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3 under the radar free agents the Cleveland Browns should sign

Even though the Cleveland Browns have had an unusually high number of draft selections over the past three years, they haven’t been afraid to spend money in free agency either. Still, although they have over $80 million in cap space, the team must be careful not to spend too much, as large contract extensions are looming for players like Myles Garrett, Joe Schobert, and Baker Mayfield.

Chief Strategy Officer Paul DePodesta has made his career on finding underappreciated talent, and that’s what the Browns need to look for this offseason. Sure, they have the money to spend on one or two high-priced players, but they need to find some sleepers to fill the holes on their roster. Here are three players that Cleveland should have their eye on in March.

3. WR Tyrell Williams, Los Angeles Chargers

Tyrell Williams, Dee Ford, Colts

Williams earned less than $3 million this past season, but his next contract should pay him at least three times as much. As the third receiver for the Chargers, he caught 41 passes for 653 yards and five touchdowns. Those numbers aren’t amazing, but when taken with the context that Williams plays in an offense that also features Mike Williams, Keenan Allen, and Melvin Gordon, they are solid.

Williams plays WR, so he could very well end up overpaid, but if he is allowed to take on a bigger role, he should thrive. At 6’4″ 205lbs with 4.48 speed, he is a red zone threat that can also stretch the field, and he is quite reliable.

Browns fans are already aware of his big-play ability, as he caught three passes for 118 yards and two scores against Cleveland, including a crazy 45-yarder where he wrested the ball from the grasp of three Browns defenders.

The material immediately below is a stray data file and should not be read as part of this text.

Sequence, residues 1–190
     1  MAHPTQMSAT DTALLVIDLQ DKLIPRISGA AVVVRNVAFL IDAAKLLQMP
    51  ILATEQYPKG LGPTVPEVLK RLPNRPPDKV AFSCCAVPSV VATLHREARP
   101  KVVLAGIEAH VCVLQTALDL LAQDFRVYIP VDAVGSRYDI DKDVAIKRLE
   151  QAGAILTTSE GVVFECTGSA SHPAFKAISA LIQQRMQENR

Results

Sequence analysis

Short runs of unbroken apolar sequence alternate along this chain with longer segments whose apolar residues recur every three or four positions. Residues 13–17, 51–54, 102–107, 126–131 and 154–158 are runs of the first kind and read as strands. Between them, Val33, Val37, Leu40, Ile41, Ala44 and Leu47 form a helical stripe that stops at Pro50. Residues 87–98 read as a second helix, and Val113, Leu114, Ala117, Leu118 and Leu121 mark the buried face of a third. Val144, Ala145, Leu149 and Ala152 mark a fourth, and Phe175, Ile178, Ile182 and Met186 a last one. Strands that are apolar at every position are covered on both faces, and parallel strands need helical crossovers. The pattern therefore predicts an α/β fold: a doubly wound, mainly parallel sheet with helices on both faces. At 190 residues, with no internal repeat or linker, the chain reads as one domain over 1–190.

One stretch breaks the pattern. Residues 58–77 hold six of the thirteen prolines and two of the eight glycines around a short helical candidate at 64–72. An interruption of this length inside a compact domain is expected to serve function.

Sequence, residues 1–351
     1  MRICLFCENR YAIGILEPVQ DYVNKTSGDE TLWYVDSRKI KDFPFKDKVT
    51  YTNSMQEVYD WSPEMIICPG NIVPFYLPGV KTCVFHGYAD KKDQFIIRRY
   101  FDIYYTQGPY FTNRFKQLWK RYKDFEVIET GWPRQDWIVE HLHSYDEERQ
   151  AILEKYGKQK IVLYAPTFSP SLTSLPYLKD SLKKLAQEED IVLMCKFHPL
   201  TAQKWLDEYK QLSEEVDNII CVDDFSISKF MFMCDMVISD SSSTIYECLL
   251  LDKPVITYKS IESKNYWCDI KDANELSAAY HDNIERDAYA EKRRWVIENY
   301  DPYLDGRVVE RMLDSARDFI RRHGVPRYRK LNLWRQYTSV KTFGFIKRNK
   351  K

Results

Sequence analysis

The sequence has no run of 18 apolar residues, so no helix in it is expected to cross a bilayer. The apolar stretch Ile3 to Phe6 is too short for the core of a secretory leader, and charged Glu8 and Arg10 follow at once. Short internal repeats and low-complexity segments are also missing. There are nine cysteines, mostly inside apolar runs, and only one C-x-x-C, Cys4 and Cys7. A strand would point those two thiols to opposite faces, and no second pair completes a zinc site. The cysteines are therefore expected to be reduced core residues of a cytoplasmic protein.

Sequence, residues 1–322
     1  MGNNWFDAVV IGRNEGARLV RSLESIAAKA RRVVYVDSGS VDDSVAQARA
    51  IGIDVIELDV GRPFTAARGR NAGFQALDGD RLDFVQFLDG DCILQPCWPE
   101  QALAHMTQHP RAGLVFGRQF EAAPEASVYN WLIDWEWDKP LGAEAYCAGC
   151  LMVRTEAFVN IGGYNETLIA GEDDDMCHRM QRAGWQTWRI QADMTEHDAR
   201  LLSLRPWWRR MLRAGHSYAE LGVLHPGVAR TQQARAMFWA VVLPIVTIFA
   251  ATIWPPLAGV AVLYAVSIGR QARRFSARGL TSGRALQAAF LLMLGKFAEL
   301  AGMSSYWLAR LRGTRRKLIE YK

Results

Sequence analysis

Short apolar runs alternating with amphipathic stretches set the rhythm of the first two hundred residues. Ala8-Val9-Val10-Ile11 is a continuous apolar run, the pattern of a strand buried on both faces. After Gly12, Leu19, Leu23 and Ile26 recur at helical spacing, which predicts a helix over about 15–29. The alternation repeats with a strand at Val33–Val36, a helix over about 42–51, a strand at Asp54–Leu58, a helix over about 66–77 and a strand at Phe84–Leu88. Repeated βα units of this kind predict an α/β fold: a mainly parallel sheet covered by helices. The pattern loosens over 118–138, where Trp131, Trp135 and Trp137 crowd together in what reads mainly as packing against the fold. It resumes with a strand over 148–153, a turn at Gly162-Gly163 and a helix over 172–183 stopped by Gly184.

If the Browns can add Williams for around $10 million per year, their recieving corps would become one of the better groups in the NFL. Williams, Jarvis Landry, Antonio Callaway, Rashard Higgins, and Breshad Perriman provides a good blend of possession, speed, and, with Williams, size.

Bringing in Williams would not only add another good WR to the room, it would also open up the entire offense; defenses would be forced to devote less attention to Landry and the other players, and the threat of Williams on the outside would improve Cleveland’s run game. Rather than reach on a receiver in the draft, the Browns should sign Williams, and use the draft to improve their defensive line.

Alternative options: Chris Conley, Kansas City Chiefs and Kevin White, Chicago Bears

2. OLB Shaquil Barrett, Denver Broncos

Joe Schobert is one of the NFL’s best middle linebackers. He is the metaphorical glue that holds Cleveland’s defense together. He will be a staple in the Browns’ defense for years to come, but the same claim cannot be made about Cleveland’s outside linebackers. Christian Kirksey is a great leader and a fan favorite, but he is overpaid. Jamie Collins can be the best player on the field for one snap, and then the worst for the next ten. He is inconsistent and too often appears to lack effort. He will make $10 million next season and $12 million in 2020.